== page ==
Dinner without drama? Definitely.
A chief complaint of parents with small children? “Dinner is a mess! The kids are yelling and no one is eating…it is an awful way to end the day!”
While 6 PM is often a tough hour for many small children, there are some easy steps every parent can take to have dinner go from frenzied to fun.
1) Recognize that kids don’t typically have much of an appetite for dinner. They have front-loaded their calories (which is good), and are not interested in your meatloaf at 6 PM. It isn’t personal. The less personally you take the misbehavior, the more calm you will be as a parent.
2) Have your children help you meal-plan. They can pick a protein, a carbohydrate and a veggie and create a dinner one night a week, or more! The more invested the child is in the food, the more likely they are to eat it.
3) And speaking of planning: have your children help you make the dinner. Tearing and washing lettuce, stirring, mashing…these are all tasks children can perform, from even very young ages. The sense of pride a child has when they have contributed works meal-time miracles!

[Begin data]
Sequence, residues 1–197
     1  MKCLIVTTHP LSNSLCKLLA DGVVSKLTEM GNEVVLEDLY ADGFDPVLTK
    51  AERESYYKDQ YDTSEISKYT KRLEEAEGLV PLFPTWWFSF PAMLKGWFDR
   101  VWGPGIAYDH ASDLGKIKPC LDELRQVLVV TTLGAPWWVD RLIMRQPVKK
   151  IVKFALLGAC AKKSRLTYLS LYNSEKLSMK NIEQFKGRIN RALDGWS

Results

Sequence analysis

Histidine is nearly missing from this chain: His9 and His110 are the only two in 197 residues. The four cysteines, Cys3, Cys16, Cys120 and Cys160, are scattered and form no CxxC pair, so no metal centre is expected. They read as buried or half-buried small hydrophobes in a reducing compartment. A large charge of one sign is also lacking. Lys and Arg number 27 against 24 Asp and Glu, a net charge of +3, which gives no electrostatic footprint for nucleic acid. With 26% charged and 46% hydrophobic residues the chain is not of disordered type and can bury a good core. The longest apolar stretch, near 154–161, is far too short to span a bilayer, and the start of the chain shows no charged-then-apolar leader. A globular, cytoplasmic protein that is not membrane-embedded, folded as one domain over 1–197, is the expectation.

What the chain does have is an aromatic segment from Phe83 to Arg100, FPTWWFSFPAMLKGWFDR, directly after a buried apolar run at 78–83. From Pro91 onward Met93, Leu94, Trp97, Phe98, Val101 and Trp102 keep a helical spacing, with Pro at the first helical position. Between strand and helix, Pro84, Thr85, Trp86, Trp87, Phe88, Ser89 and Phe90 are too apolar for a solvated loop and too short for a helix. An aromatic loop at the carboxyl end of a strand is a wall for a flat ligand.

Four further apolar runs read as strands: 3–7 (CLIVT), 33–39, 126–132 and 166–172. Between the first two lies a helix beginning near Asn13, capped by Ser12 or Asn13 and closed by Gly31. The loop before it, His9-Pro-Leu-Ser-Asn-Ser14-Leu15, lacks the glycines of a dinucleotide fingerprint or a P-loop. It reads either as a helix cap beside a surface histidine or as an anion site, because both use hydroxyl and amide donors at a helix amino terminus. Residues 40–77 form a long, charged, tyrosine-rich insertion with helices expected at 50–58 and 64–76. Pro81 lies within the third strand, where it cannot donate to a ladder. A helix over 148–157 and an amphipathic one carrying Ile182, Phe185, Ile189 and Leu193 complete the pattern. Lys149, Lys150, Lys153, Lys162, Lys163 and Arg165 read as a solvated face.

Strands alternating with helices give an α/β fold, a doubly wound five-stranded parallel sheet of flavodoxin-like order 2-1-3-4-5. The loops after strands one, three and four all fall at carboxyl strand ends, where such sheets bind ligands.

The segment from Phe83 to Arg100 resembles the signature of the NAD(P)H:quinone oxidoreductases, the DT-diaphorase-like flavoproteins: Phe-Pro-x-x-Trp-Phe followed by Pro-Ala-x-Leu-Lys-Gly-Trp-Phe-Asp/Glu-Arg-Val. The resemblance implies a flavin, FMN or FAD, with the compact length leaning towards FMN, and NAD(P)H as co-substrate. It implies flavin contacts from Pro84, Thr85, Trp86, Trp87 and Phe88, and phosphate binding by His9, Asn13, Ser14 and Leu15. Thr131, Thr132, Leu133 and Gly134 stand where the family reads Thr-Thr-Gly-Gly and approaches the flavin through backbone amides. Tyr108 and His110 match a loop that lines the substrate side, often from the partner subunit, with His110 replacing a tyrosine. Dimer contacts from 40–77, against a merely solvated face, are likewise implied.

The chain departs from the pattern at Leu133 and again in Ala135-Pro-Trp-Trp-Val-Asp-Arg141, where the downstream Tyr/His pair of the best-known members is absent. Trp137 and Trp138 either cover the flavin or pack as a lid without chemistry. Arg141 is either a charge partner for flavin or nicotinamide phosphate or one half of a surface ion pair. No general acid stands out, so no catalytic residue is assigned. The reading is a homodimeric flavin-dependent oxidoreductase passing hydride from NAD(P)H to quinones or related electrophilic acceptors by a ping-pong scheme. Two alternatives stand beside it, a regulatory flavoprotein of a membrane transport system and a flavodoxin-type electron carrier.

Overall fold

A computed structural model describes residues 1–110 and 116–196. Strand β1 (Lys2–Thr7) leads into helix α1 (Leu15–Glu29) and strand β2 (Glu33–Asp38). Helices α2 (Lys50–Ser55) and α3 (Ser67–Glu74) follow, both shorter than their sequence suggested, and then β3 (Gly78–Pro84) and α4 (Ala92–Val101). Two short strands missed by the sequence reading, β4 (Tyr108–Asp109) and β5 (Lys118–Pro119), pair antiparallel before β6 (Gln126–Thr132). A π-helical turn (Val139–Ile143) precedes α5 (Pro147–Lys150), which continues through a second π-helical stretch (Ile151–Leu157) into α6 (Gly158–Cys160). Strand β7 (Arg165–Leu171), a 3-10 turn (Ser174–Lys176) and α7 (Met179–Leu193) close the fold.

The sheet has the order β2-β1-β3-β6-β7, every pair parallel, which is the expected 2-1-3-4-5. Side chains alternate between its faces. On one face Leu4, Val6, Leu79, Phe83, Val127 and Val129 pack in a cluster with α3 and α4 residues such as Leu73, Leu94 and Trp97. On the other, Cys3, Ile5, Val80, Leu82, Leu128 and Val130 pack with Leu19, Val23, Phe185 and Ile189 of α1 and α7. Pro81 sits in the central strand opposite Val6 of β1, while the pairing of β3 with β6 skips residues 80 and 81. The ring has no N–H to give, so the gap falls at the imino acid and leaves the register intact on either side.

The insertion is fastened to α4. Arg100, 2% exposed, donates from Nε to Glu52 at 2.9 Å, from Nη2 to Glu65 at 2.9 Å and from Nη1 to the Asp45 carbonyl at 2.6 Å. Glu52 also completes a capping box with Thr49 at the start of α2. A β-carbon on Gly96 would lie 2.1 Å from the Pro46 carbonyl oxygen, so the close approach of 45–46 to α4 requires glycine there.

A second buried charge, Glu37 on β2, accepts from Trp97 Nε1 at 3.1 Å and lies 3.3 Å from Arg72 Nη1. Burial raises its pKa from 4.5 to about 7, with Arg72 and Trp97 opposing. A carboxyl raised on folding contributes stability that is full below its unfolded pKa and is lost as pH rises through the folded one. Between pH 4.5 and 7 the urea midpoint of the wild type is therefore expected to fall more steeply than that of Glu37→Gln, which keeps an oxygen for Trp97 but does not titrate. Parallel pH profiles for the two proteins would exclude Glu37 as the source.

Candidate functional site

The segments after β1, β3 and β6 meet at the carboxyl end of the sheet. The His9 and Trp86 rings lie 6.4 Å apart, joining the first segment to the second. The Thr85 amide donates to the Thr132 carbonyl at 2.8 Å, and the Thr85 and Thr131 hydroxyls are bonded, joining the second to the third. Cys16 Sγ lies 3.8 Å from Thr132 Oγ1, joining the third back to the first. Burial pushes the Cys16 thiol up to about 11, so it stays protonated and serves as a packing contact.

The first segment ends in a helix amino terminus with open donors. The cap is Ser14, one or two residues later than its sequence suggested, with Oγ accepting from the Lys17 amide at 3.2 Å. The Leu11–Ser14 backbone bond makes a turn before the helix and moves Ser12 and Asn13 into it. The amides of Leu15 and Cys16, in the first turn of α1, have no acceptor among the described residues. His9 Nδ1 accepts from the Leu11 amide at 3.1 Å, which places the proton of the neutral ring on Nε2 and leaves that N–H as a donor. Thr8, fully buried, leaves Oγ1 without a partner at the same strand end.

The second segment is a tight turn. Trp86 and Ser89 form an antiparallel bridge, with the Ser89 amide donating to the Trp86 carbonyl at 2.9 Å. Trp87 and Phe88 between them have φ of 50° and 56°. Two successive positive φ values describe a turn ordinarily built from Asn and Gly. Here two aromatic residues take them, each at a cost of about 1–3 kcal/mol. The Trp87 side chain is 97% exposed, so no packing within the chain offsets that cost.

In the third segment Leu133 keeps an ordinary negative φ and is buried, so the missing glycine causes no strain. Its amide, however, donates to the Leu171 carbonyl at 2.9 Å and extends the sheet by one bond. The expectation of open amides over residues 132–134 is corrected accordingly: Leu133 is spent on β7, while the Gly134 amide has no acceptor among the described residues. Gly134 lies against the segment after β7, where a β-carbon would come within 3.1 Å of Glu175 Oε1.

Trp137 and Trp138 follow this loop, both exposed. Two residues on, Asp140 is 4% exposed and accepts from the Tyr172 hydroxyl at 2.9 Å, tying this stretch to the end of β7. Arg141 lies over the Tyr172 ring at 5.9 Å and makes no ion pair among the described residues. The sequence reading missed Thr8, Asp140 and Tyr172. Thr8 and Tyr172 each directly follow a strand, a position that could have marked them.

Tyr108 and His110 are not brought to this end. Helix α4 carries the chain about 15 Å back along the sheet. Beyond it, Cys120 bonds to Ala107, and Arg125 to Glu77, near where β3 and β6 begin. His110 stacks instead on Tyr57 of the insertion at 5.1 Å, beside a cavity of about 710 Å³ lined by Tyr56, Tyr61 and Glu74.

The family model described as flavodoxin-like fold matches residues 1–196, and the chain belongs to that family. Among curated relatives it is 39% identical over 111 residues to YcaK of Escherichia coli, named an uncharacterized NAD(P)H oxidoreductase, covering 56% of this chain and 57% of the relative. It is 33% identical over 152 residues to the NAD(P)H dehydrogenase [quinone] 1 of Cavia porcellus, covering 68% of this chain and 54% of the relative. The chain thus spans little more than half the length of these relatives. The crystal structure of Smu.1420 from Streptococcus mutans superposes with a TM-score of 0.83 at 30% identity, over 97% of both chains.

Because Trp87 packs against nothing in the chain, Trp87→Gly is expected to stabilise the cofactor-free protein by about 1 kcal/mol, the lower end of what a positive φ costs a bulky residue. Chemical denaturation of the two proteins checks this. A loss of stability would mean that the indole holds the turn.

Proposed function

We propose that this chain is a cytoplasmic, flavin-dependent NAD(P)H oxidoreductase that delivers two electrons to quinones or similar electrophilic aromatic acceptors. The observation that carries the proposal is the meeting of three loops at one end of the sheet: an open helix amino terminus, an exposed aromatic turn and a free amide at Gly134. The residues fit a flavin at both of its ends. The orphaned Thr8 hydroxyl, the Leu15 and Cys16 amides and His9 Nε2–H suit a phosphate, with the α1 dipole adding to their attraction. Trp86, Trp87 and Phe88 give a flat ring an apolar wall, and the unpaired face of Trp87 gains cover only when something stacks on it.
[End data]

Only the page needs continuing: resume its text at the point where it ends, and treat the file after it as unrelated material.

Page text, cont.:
4) Keep the focus on the family and chatting, not the food. Ask each other interesting questions (“If you were a color, which one would you be?” or “If you had to live in one room in the house, which one?” or “Which super-power would you want and why?”) Questions like this spur interesting conversations (“What did you do in school today?” is not an interesting question!)
5) Do not count “bites.” “Three more bites of peas,” is food-policing and, unless your child has medical issues, this is not a way to spend a meal. Notice when your child tries something: “I see you tried your peas! Delicious, right?” Encouraging the behavior you want to see will get you further, especially in the long run.
6) Do not offer dessert as a reward for “finishing dinner.” This makes children sweets-obsessed and turns you into the food police again. A good policy? Dessert is offered Friday and Saturday nights and the children can eat it whenever they want during the meal. Take the power away from the dessert by simply giving it to them early and twice a week. Otherwise, no sweets during the week.
7) Most importantly, remember that dinner is a time for the whole family to come together, share, laugh and simply enjoy each other. As parents, try not to get mired down in the food choices and number of bites. Stay positive, stay smiling and truly try to enjoy their company. You will be surprised how quickly the children will follow your lead!